In January, prodded in part by outrage over a series of articles in the New York Review of Books, the Justice Department finally released an estimate of the prevalence of sexual abuse in penitentiaries. The reliance on filed complaints appeared to understate the problem. For 2008, for example, the government had previously tallied 935 confirmed instances of sexual abuse. After asking around, and performing some calculations, the Justice Department came up with a new number: 216,000. That’s 216,000 victims, not instances. These victims are often assaulted multiple times over the course of the year. The Justice Department now seems to be saying that prison rape accounted for the majority of all rapes committed in the US in 2008, likely making the United  States the first country in the history of the world to count more rapes for men than for women.

The United States Penitentiary Administrative Maximum Facility (ADX) is a supermax prison in Florence,Colorado,USA. This is the ultimate prison, literally. Since it opened in 1994, ADX is nothing but slow and inhumane torture. Inmates are only allowed out of their cells for 9 hours a week and barely interact with anyone. There’s hardly any sunlight and you have to do everything in your cell. Prisoners are served meals in their cells. The room is mostly poured concrete which ensures the furniture can’t be moved or even humped comfortably. The toilet will shut off if someone tries to plug it and showers work on a timer to cut back on potential flooding. ADX is a prison intended for the worst felons the country has to offer.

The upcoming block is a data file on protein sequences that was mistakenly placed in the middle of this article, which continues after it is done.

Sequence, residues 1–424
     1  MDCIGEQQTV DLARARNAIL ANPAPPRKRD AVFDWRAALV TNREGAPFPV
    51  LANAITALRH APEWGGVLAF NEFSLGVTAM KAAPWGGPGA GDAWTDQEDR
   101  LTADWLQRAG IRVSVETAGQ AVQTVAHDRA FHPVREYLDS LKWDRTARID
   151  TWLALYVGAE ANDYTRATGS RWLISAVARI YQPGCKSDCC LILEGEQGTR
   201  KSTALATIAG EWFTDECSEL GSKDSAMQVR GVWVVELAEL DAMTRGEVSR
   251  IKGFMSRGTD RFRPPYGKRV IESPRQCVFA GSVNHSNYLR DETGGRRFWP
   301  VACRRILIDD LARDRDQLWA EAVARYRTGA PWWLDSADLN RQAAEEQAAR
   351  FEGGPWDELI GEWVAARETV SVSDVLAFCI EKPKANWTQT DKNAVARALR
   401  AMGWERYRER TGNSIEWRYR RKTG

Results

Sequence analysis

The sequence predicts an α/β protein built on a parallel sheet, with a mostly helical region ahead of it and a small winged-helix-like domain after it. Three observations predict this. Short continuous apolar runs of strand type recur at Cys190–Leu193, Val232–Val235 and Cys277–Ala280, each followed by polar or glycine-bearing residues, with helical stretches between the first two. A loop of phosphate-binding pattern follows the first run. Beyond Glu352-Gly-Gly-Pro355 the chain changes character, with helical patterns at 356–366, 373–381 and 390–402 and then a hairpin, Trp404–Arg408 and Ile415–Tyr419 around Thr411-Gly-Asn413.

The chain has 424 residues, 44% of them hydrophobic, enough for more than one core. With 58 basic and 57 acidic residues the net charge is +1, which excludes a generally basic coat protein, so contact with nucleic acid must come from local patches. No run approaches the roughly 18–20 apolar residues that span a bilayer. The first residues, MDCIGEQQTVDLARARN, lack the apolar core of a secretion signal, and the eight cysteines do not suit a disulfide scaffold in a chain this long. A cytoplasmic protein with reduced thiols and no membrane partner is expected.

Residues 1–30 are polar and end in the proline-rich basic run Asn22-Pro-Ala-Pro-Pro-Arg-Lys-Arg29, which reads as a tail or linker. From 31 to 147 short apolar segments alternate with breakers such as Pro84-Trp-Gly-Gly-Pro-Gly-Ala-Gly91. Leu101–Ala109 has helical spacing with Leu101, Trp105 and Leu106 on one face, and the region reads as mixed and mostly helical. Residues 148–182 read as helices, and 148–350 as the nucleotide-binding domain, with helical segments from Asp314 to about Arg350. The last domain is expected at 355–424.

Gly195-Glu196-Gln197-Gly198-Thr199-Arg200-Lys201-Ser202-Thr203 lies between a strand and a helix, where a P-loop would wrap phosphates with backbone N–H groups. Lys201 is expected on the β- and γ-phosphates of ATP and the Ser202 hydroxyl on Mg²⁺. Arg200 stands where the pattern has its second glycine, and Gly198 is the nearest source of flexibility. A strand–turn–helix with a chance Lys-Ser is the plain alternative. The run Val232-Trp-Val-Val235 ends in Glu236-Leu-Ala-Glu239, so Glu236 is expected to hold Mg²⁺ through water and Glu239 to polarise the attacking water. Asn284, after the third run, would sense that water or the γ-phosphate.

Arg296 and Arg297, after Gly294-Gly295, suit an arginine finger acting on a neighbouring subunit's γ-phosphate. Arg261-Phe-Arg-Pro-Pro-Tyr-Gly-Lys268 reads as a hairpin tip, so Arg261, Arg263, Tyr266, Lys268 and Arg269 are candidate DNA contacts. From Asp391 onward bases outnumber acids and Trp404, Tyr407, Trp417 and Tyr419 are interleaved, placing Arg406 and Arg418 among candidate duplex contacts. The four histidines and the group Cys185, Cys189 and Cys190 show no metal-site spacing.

Charles Dickens’s father John Dickens was imprisoned in the Marshalsea debtors’ prison in Southwark London in 1824. Shortly afterwards, his wife and the youngest children joined him there. Charles, then 12 years old, was boarded with Elizabeth Roylance, a family friend, in Camden Town. Dickens later used the prison as a setting in Little Dorrit).

Sark Prison is located on the Island of Sark in Guernsey, was built in 1856 and is apparently the smallest in the world. it can house 2 prisoners at a push and is still used for overnight stays – if you continue to play up after that you’ll get shipped off to a proper grown-up jail with corridors and staff.

The land underneath 154 year old San Quentin state prison is estimated to be worth $80 to $100 million, instantly making it the most valuable prison in the world. it occupies 275 acres of oceanfront land overlooking the bay, some say the most valuable real estate in the whole country.

And finally here are some Guinness records:

Longest-serving prisoner on death row: Now 75, Iwao Hakamada (Japan) has been on death row in Japan for 42 years, convicted of murdering a family in Shizuoka in 1968.

Most life sentences: Terry Lynn Nichols (USA) is serving 161 consecutive life terms without the possibility of parole for his part in the 1995 bombing of a federal building in Oklahoma,USA, in which 168 people, including 19 children, were killed.

Longest-serving political prisoner: On May 1, 2009, Nael Barghouthi, a Palestinian sentenced to life in jail, became the longest-serving political prisoner. He began his sentence on April 4, 1978 and has now served more than 32 years in an Israeli jail. Incarcerated at the age of 21, Barghouthi has now been in jail for a decade longer than he was previously free

Longest jail term: On December 23, 1994, American Charles Scott Robinson was sentenced in Oklahoma City,USA, to 30,000 years, the jury having recommended 5,000 years for each of the six counts against him.